So, here we go again. Headscarves on – it’s rationing time! When I heard that Cambridge Sustainable Food was re-running the challenge that had proved so popular in 2015, I started thinking about what I’d learned the first time round.
What happy synchronicity that Britain’s surprisingly healthy wartime diet is very similar to the one that anyone who cares about sustainability today should be looking to adopt. I would have loved finding out about the Ministry of Food and garnering tips for the culinary equivalent of make-do-and mend. Yet most of the 1945 recipes were a little – how can I say this politely? – stodgy. And beige. So very beige.
Events like the rationing challenge work brilliantly as consciousness-raisers, but if they are to translate into long-term behavioural changes, then they need to be more than an exercise in denial. I wanted to teach myself to eat sustainably but not in a way that felt like a novelty or a self-imposed penance. Which meant out with the heavy, wartime approach and in with recipes that would appeal to modern palettes and lifestyles.
If I could distil the first rationing challenge into a single lesson it would be to think of meat and dairy as seasonings rather than the main elements of a meal. Things that can add umami and interest to the vegetables that are the star of the show. Using meat as a garnish, or to bring savoury backnotes, will make a vegetable-based dish sing.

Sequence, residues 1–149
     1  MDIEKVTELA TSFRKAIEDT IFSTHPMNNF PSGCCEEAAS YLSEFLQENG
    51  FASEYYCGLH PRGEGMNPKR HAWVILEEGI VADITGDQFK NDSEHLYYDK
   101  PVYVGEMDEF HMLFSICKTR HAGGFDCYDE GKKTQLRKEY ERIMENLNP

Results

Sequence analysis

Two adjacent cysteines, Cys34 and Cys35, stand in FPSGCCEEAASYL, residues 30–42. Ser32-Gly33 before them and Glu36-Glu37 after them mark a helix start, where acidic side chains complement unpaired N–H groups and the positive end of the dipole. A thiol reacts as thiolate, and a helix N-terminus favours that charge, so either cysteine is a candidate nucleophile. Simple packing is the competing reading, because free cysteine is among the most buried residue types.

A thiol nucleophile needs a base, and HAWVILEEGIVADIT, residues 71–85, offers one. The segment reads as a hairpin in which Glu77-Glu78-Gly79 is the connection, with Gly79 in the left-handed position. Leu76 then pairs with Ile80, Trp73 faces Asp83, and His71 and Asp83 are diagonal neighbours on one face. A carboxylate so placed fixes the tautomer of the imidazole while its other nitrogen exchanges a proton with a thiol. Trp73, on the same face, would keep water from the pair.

For me this meant taking inspiration from the Mediterranean, Middle East and Asia. We’re lucky to be doing this in summer, as the choice of British-grown veg is so wide and delicious. It would be a shame not to move away from the ubiquitous imported avocado and make the most of it…
My rationing conforming dishes are as follows, and the recipes can be found by following the links. These recipes aren’t hard and fast, more just suggestions of how to think about using meat and cheese as flavourings rather than the main event. They all serve two.
The recipes I’m offering here aren’t a full rationing meal plan (although if you wanted to make them all, they come in well under the weekly rationed amounts of everything with plenty over). As far as possible everything was grown in this country with spices, bulgur wheat(1) and olive oil being the only exceptions (rapeseed oil would be a good, locally-grown alternative for the latter). Oil was actually the thing I struggled with most. And eggs. Only having one egg for the week felt very sad. Fortunately, both of those are things, I think, one can allow a little leeway with once the challenge is over and still remain sustainably minded. Likewise, I’m thinking that the odd imported lemon is probably OK in the long run.
(1) A British grown alternative to bulgur wheat is strangely enough quinoa. Although most quinoa is imported from South America, it is also grown on the plains of Essex, and is sold online here.
Clare Heal is a food writer and private chef. Read more about her and her food on her website